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A plan for a new 800-seat theatre in Dunedin has been rejected in a report, which instead recommends the city's theatres be overhauled at a cost of more than $14 million.
The report leaves the future of the Athenaeum building, which the council bought in 2007 in part to provide for a new theatre, unclear.
The report writers, Deloitte, and a "touchstone group" of Dunedin arts personalities used for consultation, did not all agree with the finding an 800-seat theatre was not needed.
But Regent and Mayfair theatre trust heads were delighted with the recommendation to spend money upgrading the theatres.
A council report late last year proposed a theatre be built at a cost of between $17 million and $35 million, depending on the final size, with annual operating costs of up to $500,000.
The council decided in a close vote in January to order a report on the proposal, despite some arguing the budget was stretched, and there was no more room for large capital projects.
That report was released this week, and will be debated on Tuesday by the community development committee.
It concluded the best option for the city was to modify existing theatres.
"We do not believe the construction of a purpose-built mid-size theatre can be justified in Dunedin."
It noted the population of the city's catchment area was only 150,000.
"In addition, we are not able to identify a significant number of touring shows that Dunedin was currently missing out on.
Therefore, we believe the 'gap' is not sufficient to warrant constructing an additional theatre."
The report writers also believed building a new theatre would have "a significant impact" on the financial feasibility of other theatres.
The report suggested three options:A new theatre.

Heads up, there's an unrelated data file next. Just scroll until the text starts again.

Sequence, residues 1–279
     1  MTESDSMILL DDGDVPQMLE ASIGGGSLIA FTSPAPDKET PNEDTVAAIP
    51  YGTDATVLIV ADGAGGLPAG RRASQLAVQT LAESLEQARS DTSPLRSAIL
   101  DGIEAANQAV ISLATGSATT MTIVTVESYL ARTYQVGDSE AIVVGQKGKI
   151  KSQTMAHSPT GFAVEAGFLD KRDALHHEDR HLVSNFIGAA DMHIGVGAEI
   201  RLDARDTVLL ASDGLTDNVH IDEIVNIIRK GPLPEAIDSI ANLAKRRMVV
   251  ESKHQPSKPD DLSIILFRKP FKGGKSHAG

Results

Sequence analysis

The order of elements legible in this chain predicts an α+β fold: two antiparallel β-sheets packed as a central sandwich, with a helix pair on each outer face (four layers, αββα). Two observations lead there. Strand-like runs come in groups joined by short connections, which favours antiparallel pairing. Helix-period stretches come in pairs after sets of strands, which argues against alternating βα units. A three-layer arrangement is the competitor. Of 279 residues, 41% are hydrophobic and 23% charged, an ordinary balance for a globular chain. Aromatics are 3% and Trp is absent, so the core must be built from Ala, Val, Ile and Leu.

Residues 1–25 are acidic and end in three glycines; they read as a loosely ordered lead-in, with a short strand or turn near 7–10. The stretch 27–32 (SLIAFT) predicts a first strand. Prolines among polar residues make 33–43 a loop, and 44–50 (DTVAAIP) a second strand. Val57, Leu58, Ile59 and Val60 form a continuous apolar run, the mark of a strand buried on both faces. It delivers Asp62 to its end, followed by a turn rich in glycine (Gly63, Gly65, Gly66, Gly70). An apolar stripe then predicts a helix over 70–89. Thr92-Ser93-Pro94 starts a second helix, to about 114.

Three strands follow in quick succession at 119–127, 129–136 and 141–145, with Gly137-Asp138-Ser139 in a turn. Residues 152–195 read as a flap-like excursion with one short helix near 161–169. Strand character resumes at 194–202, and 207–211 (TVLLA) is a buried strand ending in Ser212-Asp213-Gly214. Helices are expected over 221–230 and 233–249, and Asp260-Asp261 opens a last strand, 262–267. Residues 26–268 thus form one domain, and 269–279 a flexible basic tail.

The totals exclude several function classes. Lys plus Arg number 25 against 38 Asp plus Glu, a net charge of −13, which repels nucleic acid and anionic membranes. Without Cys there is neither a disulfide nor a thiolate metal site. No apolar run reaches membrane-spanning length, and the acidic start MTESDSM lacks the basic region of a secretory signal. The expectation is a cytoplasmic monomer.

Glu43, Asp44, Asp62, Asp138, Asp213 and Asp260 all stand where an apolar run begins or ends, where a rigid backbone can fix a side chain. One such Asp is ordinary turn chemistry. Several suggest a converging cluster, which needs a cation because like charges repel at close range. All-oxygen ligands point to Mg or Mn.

Modify existing theatres to meet the technical and performance requirements of promoters, performers and audience.
The status quo.
Option two recommended an upgrade of the Regent Theatre include alternative seating configurations to reduce capacity for shows that were too large for the Mayfair but did not require a theatre the size of the Regent.
It also recommended money be spent on the Fortune Theatre, though how much was not known.
Otago Theatre Trust chairman Michael Shield agreed with the report's finding an 800-seat theatre was un- necessary.
"I don't see how it would be viable, given the number of performance nights in Dunedin."
There were ways to successfully create a smaller space in the Regent, and those would be investigated as part of a redevelopment the trust was planning.
Former May- fair Theatre Trust chairman Les Cleveland said he thought the recommendation to spend $7.3 million upgrading the theatre was "wonderful".
It would allow the Regent and Mayfair to be the two main theatres, and the Mayfair badly needed an upgrade.
Incumbent trust chairman Geoff Patton was also delighted with the recommendation.
Peter Entwisle, a member of the touchstone group, said he supported spending on the Mayfair and Regent, but said Deloitte had concentrated on a "greenfields" site, and had not considered the option of the council buying the former His Majesty's Theatre, now Sammy's.
While that would involve costs, he said the expenditure was necessary.
The council bought the Athenaeum in late 2007, based on the perceived need for a mid-sized performance venue in the city.
Dunedin Mayor Peter Chin said yesterday the building was tenanted and was a valuable site.
• The report
The favoured option (2):
No new mid-size theatre
Regent Theatre: $6.9 million upgrade, operating costs $60,000, interest and depreciation $1.3 million.
Mayfair Theatre: $7.3 million redevelopment, operating costs $35,000, interest and depreciation $500,000.
Fortune Theatre: Significant maintenance likely, cost not yet known.